IV. Character and Beliefs of the Essenes. Less important but even more interesting are the Essenes. They were a sect, or monastic order, rather than a political or religious party. Josephus, who asserts that for a time he was associated with them, has given a full account of their peculiar customs. They evidently represented a strong reaction against the prevailing corruption and a return to the simple life. Their spirit of humility, fraternity, and practical charity are in marked contrast to the aims of the Sadducees and the later Maccabean rulers. In their beliefs they were idealists. Their invocation of the sun, their extreme emphasis on ceremonial cleanliness, their tendency toward celibacy, and their distinction between soul and body, all suggest the indirect if not the direct influence of the Pythagorean type of philosophy. If the Essenes represented simply an extreme type of Pharisaism, the peculiar form of its development was undoubtedly due to the Greek atmosphere amidst which it flourished. The Essenes do not appear to have had any direct influence in the politics of their day. They were a current apart from the main stream of Judaism, and yet they could not fail to exert an indirect influence. Many of their ideals and doctrines were closely similar to the teachings of John the Baptist and Jesus. Yet there is a fundamental difference between Essenism and primitive Christianity, for one sought to attain perfection apart from life and the other in closest contact with the currents of human thought and activity. While according to Josephus the party of the Essenes at one time numbered four thousand, like all ascetic movements it soon disappeared or else was deflected into that greater stream of monasticism which rose in the early Christian centuries.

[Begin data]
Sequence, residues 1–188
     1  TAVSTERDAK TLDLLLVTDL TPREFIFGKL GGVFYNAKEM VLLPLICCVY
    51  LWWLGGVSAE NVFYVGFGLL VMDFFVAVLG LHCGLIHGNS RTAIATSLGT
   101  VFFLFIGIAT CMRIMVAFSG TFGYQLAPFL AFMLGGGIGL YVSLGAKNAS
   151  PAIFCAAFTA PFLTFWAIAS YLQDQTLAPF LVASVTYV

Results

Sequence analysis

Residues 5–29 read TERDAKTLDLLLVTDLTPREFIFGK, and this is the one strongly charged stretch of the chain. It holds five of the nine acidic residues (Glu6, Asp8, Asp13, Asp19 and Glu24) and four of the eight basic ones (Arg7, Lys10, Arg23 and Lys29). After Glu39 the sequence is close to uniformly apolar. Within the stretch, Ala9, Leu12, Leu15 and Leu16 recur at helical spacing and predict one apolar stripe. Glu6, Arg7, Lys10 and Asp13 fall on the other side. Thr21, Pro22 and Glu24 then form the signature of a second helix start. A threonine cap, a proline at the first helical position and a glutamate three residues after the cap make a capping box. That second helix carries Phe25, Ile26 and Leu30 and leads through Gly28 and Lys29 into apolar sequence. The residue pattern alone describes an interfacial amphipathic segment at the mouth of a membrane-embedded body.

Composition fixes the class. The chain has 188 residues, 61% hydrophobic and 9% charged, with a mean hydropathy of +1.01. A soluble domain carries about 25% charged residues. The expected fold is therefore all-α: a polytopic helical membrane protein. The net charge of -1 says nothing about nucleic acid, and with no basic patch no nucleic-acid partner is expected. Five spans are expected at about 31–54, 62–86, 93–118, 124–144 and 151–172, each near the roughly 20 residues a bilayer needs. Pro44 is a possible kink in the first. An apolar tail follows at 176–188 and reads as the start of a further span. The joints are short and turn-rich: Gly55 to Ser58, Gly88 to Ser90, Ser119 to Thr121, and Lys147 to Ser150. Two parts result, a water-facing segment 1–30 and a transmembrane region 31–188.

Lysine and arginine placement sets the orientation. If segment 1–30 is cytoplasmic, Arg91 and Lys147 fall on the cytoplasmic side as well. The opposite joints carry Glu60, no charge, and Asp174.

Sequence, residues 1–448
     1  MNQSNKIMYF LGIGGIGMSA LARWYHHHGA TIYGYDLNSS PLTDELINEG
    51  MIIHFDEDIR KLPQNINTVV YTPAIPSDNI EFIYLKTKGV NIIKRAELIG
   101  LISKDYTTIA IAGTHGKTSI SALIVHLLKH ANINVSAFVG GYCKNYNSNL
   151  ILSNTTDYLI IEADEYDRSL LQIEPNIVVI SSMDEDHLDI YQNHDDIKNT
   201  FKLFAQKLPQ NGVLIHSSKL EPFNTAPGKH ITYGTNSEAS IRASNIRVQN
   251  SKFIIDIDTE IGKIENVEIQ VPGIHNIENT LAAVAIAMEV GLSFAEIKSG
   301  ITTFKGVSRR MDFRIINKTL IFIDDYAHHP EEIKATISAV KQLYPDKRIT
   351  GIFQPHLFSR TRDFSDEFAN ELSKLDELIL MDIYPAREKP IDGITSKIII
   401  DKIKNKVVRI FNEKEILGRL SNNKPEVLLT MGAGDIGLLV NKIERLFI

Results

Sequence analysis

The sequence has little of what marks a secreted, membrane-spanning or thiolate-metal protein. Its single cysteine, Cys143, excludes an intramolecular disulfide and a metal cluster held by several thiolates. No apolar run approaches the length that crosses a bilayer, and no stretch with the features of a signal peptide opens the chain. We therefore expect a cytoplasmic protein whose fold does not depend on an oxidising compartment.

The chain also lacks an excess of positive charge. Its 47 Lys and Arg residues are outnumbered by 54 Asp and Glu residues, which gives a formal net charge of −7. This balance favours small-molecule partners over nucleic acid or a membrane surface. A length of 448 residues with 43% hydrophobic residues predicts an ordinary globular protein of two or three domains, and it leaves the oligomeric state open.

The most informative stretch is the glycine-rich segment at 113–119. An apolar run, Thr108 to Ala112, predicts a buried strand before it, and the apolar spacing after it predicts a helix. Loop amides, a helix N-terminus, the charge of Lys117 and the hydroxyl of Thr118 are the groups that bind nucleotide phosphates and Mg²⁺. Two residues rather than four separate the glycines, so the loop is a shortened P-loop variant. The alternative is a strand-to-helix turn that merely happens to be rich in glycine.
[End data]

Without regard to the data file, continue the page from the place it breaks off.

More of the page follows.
[Sidenote: Jos. Ant. XII, 3:1a] The Jews obtained honor from the kings of Asia when they became their auxiliaries; for Seleucus Nicator made them citizens of those cities which he built in Asia and in lower Syria, and in Antioch, the metropolis, and gave them privileges equal to those of the Macedonians and the Greeks who were its inhabitants.